We see this in real life with natural disasters, acts of war and celebrity meltdowns all the time. But how would the news media react if, say, a giant purple and blue spaceman came to our planet with the expressed desire to, well, eat it?

It seems this special will set out to answer that question. It will look at the coming of Galactus as if it were one of those televised documentaries you find while flipping through the cable dial. If the TV newscasters flip out when Britney shaves her head, wait until they get a load of the Silver Surfer. 

Frank Tieri (W), Juan Santacruz (A), Marvel Comics, $3.99. One-Shot.

Phantom: The Ghost Who Walks #0:

Many people point to Superman as the first costumed superhero. This, as many things are, is up to debate. And it all boils down to semantics. Do you need superpowers to be a superhero, or just wear a costume and do heroic things?

For people who subscribe to the latter definition, the first costumed hero is not the Man of Steel, but rather the Ghost Who Walks. Lee Falk’s Phantom first appeared as a comic strip in newspapers two years before Clark Kent took off his glasses the first time.

Granted, Supes has the comic book record locked up, because the Phantom didn’t arrive there until years later. The Phantom has had a long and varied career in comics, and returns once again this week, in a brand new series from Moonstone. This zero issue sets the stage for a new era in the character, with a new take on the origin and a new direction as well.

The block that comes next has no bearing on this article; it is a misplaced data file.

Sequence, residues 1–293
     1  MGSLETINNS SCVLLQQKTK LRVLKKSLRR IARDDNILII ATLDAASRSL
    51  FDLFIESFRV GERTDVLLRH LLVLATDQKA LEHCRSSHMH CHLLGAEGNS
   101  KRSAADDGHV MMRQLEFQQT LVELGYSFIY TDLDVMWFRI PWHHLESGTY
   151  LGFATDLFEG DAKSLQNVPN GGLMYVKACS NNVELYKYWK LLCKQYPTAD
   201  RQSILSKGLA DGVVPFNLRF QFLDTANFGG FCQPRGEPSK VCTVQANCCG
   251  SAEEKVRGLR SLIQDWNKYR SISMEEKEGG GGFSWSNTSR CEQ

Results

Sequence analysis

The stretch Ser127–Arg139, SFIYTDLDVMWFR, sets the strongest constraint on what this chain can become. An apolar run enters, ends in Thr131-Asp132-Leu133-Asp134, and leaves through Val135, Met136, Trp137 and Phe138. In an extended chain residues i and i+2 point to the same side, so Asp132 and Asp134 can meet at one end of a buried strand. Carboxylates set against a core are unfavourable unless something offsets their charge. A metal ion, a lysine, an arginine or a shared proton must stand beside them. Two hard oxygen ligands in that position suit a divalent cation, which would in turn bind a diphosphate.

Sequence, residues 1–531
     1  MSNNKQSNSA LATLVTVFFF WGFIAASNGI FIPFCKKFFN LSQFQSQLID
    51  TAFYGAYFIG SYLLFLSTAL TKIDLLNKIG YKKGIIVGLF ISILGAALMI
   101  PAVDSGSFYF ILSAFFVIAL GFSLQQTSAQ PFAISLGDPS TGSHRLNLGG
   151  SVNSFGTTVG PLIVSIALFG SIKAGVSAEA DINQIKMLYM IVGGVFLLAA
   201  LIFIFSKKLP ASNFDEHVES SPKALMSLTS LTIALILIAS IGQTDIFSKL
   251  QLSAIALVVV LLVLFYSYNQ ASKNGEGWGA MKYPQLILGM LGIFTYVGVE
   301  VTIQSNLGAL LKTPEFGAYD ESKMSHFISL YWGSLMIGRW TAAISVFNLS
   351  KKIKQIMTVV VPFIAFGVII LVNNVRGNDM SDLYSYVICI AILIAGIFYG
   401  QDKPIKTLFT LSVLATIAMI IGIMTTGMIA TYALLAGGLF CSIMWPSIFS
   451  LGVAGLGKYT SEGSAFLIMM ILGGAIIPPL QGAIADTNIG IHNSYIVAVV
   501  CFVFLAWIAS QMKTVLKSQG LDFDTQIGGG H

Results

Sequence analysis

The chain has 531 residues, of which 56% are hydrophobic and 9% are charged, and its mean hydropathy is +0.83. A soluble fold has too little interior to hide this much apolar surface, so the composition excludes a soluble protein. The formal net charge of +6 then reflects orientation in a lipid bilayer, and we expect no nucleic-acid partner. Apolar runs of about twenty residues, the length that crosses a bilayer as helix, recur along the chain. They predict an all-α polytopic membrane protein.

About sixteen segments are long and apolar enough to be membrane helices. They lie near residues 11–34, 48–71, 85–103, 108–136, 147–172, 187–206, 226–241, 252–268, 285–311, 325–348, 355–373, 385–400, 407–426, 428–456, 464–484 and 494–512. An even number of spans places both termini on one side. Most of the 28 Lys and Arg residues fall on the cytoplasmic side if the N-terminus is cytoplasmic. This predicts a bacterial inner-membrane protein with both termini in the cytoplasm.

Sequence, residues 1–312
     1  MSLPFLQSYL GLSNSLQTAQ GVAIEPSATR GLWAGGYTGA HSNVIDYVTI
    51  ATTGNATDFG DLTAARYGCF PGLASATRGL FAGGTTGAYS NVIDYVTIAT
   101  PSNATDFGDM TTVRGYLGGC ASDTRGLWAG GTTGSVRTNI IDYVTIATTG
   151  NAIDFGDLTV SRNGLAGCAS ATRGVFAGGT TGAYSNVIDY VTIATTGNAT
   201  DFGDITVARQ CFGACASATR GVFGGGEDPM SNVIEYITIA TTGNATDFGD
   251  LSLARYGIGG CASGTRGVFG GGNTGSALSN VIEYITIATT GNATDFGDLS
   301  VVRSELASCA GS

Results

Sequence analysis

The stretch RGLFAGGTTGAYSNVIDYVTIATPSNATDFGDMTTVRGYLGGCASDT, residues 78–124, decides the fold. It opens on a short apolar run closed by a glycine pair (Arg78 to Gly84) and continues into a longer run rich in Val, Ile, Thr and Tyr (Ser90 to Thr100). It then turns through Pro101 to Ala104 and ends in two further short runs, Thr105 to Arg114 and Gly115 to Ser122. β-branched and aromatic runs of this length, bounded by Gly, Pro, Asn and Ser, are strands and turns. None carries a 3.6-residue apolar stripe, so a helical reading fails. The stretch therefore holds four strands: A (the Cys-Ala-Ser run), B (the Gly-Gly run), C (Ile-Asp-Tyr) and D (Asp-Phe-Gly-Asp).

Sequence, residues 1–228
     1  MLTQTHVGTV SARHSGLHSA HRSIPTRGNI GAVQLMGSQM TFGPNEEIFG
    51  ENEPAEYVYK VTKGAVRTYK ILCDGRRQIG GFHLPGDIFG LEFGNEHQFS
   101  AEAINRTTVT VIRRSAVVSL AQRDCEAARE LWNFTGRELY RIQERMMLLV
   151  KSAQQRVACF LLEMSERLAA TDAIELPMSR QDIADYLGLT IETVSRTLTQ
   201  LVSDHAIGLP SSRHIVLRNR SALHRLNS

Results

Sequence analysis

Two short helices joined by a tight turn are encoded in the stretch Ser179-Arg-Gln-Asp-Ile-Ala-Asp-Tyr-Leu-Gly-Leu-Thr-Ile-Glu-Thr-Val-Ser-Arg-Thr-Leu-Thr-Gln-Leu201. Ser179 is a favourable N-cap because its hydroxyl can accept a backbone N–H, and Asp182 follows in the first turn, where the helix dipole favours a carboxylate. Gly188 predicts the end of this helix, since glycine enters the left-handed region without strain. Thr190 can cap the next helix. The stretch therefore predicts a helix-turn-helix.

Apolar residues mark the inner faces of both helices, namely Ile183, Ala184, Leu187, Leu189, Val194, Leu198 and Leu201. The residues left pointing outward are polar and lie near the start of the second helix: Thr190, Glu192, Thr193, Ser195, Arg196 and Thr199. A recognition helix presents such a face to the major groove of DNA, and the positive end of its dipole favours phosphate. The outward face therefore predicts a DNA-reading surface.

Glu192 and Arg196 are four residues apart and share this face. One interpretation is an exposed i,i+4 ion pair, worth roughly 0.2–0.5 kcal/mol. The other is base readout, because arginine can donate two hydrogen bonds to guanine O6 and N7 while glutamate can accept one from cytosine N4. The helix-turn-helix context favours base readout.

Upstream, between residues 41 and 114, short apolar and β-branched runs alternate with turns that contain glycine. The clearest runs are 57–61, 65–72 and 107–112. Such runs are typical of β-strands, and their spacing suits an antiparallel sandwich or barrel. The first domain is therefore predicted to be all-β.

Mike Bullock (W), Silvestre Szilagyi (A), Moonstone Comics, $1.99. Ongoing Series.

R.E.B.E.L.S. #1:

The L.E.G.I.O.N./R.E.B.E.L.S. concept seems inescapably connected to DC’s multitude of crossover events. The first series to feature the interstellar law-enforcement agency was spun off from 1988-89’s Invasion! miniseries. The 1994 event, Zero Hour, brought an end to that series and revamped it as R.E.B.E.L.S., a group of, well, rebels against a now corrupt L.E.G.I.O.N.

After that series ended, the team was only seen in crossover events, used to varying degrees in the Rann/Thanagar War and Infinite Crisis. Now, in the post-Final Crisis world, the team is returning to its rebellious status quo in a brand new ongoing series. If past history is any indication, the title should enjoy a long life on the stands—until the next major crossover hits!

Tony Bedard (W), Andy Clarke (A), DC Comics, $2.99. Ongoing Series.

New Warriors #20:

It all comes down to this. Night Thrasher is finally going to get the answers he seeks and confront the demons he can’t help but face. His formation of the New Warriors was destined to arrive at this moment. He is risking it all for this chance. The New Warriors might never be the same, but does Night Thrasher even care?

I have no idea why this series wasn’t a bigger hit. The premise tied into two immensely successful crossover events—House of M and Civil War, which should have guaranteed more than twenty issues. Instead, it barely surpassed the combined issues of those original miniseries. Perhaps it was the fact that Marvel kept the connection to these popular stories so close to the vest that doomed it. Mysteries and secrecy only work in certain circumstances. And it obviously didn’t work here.

Kevin Grevioux (W), Reilly Brown (A), Marvel Comics, $3.99. Final Issue.


William Gatevackes is a professional writer living in Mamaroneck, NY and is expecting his first child with his wife Jennifer. He also is a comic reviewer for PopMatters and is the comic book movie editor for Film Buff Online. Links to his writing can be found at his website, www.williamgatevackes.com.